Multiple participants for multiple benefitsThe traditional centralized model of linear power generation and delivery through limited market or monopoly conditions is giving way, especially on a local level, to more diverse, dynamic and complex systems with multiple actors and multilayered energy, information and money flows called Distributed Energy Systems (DES). These changes are in response to new opportunities - such as renewable energy and smart technologies - and new policy goals - to reduce emissions and extend energy access. DES can be customised to match the consumer’s requirements as well as enabling actors to shape local generation and consumption in response to market price signals to achieve the lowest overall cost of energy.
DES provide local resilience
Local, decentralized and controllable DES generation and storage sources can be designed to provide the end user with local resilience or even full independence from the grid. The benefits accrue to grid operators as well: DES can manage demand to reduce peak loads when infrastructure is nearing capacity, thus postponing the need for major grid reinforcement investments.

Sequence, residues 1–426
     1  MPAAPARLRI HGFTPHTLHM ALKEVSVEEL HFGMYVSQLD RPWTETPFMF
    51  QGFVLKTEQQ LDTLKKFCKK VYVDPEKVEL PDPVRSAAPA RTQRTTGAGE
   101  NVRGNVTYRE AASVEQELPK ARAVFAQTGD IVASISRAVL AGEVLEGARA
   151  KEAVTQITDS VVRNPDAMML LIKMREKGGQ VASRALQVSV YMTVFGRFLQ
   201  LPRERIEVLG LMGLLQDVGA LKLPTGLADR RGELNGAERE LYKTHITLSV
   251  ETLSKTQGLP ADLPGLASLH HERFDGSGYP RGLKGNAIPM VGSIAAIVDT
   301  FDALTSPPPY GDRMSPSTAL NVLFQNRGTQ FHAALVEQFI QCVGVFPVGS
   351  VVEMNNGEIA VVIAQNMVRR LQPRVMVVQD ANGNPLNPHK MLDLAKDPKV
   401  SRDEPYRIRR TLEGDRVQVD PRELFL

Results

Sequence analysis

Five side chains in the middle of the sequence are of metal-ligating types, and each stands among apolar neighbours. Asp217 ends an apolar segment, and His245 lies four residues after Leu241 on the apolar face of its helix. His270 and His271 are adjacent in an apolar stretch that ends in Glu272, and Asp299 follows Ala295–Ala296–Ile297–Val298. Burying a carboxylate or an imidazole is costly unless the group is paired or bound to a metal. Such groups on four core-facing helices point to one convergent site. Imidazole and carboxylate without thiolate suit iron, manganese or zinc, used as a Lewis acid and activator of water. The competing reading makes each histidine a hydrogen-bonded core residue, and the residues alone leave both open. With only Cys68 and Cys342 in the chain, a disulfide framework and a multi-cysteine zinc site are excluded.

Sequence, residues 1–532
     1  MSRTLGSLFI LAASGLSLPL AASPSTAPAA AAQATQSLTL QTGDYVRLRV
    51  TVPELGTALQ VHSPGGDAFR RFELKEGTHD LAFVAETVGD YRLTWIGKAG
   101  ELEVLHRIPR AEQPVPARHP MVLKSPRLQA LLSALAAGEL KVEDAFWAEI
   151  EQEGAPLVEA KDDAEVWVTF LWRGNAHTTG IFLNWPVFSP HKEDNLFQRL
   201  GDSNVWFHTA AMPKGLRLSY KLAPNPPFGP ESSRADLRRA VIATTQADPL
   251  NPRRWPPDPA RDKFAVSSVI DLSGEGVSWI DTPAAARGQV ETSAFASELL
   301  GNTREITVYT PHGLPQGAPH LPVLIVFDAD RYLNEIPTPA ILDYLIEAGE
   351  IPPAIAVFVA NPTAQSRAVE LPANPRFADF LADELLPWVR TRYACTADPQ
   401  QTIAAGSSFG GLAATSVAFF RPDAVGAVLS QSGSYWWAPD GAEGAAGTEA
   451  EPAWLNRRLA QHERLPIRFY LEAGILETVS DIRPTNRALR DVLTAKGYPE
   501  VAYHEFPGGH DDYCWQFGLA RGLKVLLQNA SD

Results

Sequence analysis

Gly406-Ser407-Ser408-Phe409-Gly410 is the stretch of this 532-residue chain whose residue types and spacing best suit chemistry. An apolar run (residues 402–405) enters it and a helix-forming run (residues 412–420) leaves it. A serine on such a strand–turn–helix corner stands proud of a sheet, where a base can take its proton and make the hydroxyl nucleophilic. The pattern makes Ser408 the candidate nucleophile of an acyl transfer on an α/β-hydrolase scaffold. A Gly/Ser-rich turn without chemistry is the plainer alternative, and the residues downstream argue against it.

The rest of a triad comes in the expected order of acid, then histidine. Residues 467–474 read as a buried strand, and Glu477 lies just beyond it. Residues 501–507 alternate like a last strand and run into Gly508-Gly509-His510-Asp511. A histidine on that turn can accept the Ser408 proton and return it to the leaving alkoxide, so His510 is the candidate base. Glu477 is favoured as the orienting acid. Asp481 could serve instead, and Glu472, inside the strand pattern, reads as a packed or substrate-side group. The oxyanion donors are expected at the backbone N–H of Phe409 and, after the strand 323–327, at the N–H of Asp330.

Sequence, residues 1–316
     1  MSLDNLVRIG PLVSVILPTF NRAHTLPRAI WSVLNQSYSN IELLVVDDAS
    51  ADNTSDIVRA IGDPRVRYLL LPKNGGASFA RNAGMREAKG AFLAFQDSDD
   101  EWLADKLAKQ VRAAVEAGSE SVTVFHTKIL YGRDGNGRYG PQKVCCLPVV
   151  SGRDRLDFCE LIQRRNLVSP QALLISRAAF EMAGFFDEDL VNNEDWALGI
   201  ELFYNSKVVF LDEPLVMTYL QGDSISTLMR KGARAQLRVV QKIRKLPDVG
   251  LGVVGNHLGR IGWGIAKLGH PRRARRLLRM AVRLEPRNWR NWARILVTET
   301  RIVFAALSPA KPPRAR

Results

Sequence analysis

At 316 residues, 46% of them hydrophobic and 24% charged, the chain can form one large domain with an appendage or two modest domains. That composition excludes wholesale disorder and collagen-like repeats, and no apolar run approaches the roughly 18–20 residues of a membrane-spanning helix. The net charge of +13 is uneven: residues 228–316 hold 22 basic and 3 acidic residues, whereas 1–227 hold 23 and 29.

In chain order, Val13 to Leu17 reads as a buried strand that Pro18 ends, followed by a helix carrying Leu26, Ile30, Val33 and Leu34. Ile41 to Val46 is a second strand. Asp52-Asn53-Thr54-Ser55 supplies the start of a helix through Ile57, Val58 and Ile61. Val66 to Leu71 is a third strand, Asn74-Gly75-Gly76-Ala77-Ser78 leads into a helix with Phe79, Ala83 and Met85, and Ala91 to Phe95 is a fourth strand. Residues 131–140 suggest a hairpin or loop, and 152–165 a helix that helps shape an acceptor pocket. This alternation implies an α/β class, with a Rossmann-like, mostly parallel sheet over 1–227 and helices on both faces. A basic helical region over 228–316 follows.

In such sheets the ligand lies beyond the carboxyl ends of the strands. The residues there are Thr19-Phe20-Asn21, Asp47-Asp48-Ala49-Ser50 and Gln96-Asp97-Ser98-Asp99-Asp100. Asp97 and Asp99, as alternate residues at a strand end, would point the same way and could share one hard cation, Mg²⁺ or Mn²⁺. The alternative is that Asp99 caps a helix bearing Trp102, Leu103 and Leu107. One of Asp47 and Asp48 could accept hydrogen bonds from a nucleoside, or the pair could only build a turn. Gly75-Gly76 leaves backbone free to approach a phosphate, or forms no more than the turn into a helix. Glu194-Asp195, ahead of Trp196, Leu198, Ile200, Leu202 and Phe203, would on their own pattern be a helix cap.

DES help maintain a cleaner ecosystem while improving efficiency
DES that rely on clean energy generation or hybrid systems, have a reduced impact on air quality and help maintain a greener and cleaner ecosystem.
DES coupled with other traditional energy conservation measures can improve efficiency across the energy system. Integrated real time data monitoring and multipoint controls at both plant, building and network level can improve asset utilisation and plant efficiency and ensure power, cooling, heating and lighting are used only when and where they are needed.